Passengers on Planes: iPads vs. Laptops

What do airline passengers really want? Information. How do they want it? According to a survey from FlightView, travelers want to access info electronically on a personal device. And which personal device is a tale of changing tastes and technology.

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Smartphones Supreme and Tablets Gaining

Smartphones are saturating the traveling class – nearly 82 percent of all passengers surveyed, which includes business and leisure travelers, use travel with and use their smartphones. Another trend: tablets including devices like iPads are now being used by more than 38 percent of travelers; the stalwart laptop still has the edge at 38 percent, but based on trends, FlightView fully expects tablet use to pass personal computers sometime next year.

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iPads and Tablets: Convenience Factor

The survey does not explain the changes, but here are a couple of possibilities:

Convenience: Tablets are generally much smaller and lighter than laptops and fit well in tight places including a seatback pocket.

Carry-on allowance: The FAA allows passengers to bring just two items onboard an airline cabin – though some airlines have been known to look the other way. If the airline is a stickler for the rules, a working business woman juggling a carry-on, laptop and purse will find it much easier to slip a tablet in a carry-on than a laptop.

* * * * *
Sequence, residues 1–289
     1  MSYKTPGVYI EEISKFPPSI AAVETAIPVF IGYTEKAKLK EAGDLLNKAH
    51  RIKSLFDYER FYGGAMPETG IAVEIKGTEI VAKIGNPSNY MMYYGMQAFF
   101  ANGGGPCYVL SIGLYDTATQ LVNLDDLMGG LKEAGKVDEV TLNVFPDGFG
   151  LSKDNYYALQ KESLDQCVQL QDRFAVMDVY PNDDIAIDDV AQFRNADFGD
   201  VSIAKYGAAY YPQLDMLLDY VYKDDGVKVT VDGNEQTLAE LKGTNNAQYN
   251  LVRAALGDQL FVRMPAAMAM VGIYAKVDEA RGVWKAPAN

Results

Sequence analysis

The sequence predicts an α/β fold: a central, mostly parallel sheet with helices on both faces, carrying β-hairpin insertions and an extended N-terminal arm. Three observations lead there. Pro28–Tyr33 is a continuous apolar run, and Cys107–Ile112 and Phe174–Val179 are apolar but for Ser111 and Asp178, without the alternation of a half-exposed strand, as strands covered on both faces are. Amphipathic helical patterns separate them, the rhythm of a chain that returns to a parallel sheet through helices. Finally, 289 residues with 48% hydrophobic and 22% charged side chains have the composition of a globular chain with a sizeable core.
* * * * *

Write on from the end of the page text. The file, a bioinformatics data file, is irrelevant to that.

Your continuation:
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Laptops: Business Travel Favorite

All is not lost for the laptop. For reasons not made clear, more of the survey respondents who describe themselves as business travelers still prefer the personal computer or laptop.

What travelers want to do most with their devices – of any types – is to be able to use them, which is why free Wi-Fi scored so high in the survey. And nearly 94 percent said what they really want to know is the latest information on flight status.

Question: Laptop or Tablet?

Question for readers: When you travel, do you carry a laptop or tablet? We’d like to know which – and why.


Updated: August 5, 2016